Thursday, October 27, 2011
Protesters in the state capital have moved into the capitol building as part of a planned protest in support of a continuation of a tax on higher-income earners. Governor Andrew Cuomo opposes the tax.
Thanks to Karen DeWitt, New York Public Radio Capital Bureau Chief, for the video:
Around 75 protesters from the Occupy Albany encampment entered the Capitol through the metal detectors, and climbed the stairs to the second floor, where they gathered in a reception area outside Governor Cuomo's office, chanting, "We are the 99 percent, he is governor 1 percent."
Several spoke, and expressed concerns ranging from student debt, to boarded up homes in their neighborhoods, to their own unemployment.
Security was beefed up outside the governor's office, with around a dozen extra uniformed and plain clothed state police.
Governor Cuomo is in New York City.
Thursday, October 27, 2011
Nearly 60 percent of respondents in a Quinnipiac University poll out this morning say they agree with the protesters in Zuccotti Park, with an equal amount saying they understand what the protesters' views.
“Most New Yorkers, even upstaters and suburban voters, say they get the Wall Street protesters’ message,” Maurice Carroll, director of the Quinnipiac University Polling Institute in a statement. “And by two-to-one, voters agree with the complaints about bankers and Wall Streeters."
Voters continue to support a tax on higher-income earners as well, according to the poll. Two-thirds of those polled want to see the tax continue, with 57 percent of Republicans polled supporting the plan. Governor Andrew Cuomo has said he doesn't support the tax and wants it to end at the beginning of next year.
Part of the Governor's arguments--that it will drive wealth out of New York--appears to be rebutted some in the poll. Those earning $100,000 a year or more support extending the tax by 66 percent.
“There’s wide approval for the one specific message that’s being heard Downtown – support for a continued state ‘Millionaire’s Tax,’” Carroll added.
Tuesday, October 25, 2011
A united front of minority politicians and their labor allies held a press conference today to call on Governor Andrew Cuomo to keep the “millionaires’ tax” on higher-income earners in place at the end of this year.
“New Yorkers deserve a budget plan of shared sacrifice,” said Assemblyman Karim Camara, who chairs the bicameral Black, Puerto Rican, Hispanic and Asian Legislative Caucus. He said the current tax rate would generate $5 billion in revenues that could be used to offset cuts that disproportionally affect the working class and minority communities.
The Governor has said he wants the taxes to expire at the end of the year. Until recently any discussion of tax increases appeared off the table. But that was before the Occupy Wall Street protest.
Support for keeping taxes on higher-income earners wasn’t just among the protesters on Wall Street, said Councilman Robert Jackson, or among the 72 percent of voters who favor the tax. The co-chair of the city council’s minority caucus said the Governor need only visit his district in Harlem.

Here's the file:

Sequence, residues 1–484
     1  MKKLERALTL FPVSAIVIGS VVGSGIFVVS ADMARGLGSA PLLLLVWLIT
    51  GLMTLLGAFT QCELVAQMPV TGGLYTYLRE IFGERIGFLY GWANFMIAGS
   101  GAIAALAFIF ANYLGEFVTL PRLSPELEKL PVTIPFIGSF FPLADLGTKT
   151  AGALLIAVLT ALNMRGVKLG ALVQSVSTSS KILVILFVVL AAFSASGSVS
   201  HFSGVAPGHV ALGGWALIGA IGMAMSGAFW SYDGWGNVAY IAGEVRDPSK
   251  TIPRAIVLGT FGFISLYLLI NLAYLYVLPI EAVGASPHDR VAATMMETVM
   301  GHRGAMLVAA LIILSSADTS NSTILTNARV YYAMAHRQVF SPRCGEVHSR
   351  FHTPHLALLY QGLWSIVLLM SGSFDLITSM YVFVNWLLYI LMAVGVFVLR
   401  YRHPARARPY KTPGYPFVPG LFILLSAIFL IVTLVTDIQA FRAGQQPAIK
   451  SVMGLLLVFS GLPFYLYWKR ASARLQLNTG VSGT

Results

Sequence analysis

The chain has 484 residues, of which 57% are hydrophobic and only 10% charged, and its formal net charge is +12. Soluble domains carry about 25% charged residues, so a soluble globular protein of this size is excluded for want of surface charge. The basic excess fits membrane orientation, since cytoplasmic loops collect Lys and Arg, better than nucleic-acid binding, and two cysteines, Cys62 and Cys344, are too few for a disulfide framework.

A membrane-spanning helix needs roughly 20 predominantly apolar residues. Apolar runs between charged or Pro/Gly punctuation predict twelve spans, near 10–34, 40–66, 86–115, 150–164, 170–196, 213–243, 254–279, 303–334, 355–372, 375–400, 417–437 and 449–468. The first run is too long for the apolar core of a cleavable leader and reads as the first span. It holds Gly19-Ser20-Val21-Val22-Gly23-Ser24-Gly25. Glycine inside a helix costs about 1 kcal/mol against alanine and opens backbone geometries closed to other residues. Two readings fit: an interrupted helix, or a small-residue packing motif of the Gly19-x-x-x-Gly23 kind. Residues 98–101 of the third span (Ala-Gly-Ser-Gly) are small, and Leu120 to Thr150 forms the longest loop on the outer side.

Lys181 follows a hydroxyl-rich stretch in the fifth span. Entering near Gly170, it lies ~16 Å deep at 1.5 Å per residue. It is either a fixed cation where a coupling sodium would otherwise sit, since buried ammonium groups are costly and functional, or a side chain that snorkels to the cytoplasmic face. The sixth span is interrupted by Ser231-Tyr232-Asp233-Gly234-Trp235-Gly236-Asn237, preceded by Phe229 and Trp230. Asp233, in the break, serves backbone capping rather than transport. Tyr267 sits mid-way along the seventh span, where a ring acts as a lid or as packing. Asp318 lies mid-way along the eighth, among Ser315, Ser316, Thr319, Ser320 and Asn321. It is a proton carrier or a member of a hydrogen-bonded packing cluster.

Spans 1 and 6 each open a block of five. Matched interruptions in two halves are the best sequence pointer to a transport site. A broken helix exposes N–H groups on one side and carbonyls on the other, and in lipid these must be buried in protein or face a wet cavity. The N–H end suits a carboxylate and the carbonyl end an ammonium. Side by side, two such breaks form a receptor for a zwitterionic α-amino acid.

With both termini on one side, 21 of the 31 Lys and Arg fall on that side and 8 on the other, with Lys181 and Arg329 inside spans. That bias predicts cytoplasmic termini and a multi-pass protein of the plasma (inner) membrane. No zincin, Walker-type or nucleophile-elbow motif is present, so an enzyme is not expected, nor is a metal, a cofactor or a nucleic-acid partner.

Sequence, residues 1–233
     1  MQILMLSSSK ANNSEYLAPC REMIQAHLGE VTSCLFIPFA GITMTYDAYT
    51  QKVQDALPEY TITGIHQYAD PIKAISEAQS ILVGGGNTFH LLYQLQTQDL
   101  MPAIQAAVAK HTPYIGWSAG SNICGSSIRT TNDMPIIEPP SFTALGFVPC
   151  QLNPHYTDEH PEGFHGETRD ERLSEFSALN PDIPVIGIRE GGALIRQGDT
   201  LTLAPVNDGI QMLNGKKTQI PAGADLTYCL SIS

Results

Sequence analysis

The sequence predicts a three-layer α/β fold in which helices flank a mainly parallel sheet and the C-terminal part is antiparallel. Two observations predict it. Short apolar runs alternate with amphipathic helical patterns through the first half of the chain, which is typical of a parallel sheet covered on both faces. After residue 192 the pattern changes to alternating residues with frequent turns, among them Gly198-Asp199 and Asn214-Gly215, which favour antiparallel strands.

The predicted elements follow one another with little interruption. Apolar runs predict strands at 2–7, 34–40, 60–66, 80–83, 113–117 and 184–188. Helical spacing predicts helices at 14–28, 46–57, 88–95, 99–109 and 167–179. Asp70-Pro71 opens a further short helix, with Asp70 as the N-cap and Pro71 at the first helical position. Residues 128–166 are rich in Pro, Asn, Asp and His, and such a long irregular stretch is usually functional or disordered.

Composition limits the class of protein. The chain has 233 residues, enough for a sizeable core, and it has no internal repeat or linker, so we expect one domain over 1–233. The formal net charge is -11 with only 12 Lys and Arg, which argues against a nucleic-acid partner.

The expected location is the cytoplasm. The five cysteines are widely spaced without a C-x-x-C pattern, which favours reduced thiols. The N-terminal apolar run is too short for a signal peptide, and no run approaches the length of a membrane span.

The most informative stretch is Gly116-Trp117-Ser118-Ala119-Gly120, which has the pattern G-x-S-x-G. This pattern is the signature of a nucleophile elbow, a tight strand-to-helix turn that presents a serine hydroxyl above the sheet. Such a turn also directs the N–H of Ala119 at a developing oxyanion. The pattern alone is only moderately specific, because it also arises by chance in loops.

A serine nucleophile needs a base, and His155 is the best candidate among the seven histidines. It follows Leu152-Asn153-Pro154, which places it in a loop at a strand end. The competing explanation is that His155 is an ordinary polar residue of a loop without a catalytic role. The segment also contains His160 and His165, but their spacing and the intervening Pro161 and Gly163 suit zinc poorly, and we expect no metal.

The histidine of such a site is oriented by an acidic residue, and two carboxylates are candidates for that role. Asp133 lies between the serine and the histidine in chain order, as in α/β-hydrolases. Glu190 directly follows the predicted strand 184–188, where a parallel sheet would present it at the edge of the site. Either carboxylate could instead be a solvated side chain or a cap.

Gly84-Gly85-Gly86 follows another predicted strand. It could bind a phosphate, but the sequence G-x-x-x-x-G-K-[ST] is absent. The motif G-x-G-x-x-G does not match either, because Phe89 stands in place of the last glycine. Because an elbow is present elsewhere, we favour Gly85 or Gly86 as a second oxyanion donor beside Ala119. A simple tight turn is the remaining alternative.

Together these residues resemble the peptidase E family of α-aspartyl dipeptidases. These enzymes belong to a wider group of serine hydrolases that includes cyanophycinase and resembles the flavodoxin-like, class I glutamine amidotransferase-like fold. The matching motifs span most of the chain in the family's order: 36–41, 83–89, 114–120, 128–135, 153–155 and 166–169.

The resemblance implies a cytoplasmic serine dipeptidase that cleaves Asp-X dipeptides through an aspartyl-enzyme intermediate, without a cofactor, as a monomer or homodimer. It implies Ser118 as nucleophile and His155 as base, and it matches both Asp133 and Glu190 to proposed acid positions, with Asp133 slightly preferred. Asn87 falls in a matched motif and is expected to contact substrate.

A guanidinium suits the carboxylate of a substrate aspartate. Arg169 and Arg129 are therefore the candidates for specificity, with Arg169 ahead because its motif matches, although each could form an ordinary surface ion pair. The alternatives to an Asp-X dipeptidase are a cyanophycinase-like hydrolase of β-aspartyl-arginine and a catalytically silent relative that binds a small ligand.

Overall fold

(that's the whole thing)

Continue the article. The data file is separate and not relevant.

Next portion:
“If you don’t believe us, walk through our community and ask the people. They will tell you what is necessary,” he said.
The show of solidarity from African American, Latino and Asian elected officials opened up a new front against the Governor’s support for nixing taxes for the state’s most wealthy—and it could be a bigger one than he’d care to acknowledge.
Call it Andrew Cuomo’s color blind problem. In discussions after the event, the strategy was made clear: If the Governor remains blind to the calls of communities of color—through their elected representatives—he could have a problem that goes beyond a single issue like the millionaires’ tax.
The Governor has enjoyed a close relationship with minority communities over the years. But elected officials from those communities—upset over years now of cuts to social programs at every level, unshakable high unemployment, and attacks on unions that employee many from their neighborhoods—appear less willing to just go along with a governor they see more concerned with protecting his future interests (i.e. 2014 gubernatorial, 2016 presidential) than those of their constituents.
At least, that’s what today’s organizers are hoping Cuomo hears. So far the Governor remains popular across all groups, and community leaders haven’t taken as hard a stance as the elected officials. But if the Governor sticks to his position on the millionaires’ tax, that could all change.
Tuesday, October 25, 2011
Before it even began, Occupy Albany was imbued with its first agenda item. Press reports last Friday talked about the “millionaires’ tax” as an issue for Occupiers before they'd even shown up. The tax is a big one for left-leaning groups and organized labor who have been pushing for its continuation of on higher-income earners.
Over the weekend there was more friction between the Governor’s office and the mayor of Albany than between protesters and police. The Governor’s push of Albany Mayor Jerry Jennings to evict the curfew-breaking protesters was an indication to some observers that the protests were getting to the governor.
“The coverage of his push to get Occupy Albany shut down shows how close to home that’s hitting,” said one observer close to the issue. “There’s clearly a concern on their part, internally, that it’s going to escalate in a way that makes it difficult for him.”
Are the Occupations, which have now spread throughout the state, enough to get the Governor to change his mind on the continuation of taxes on higher-income earners? People in support of the move certainly hope so.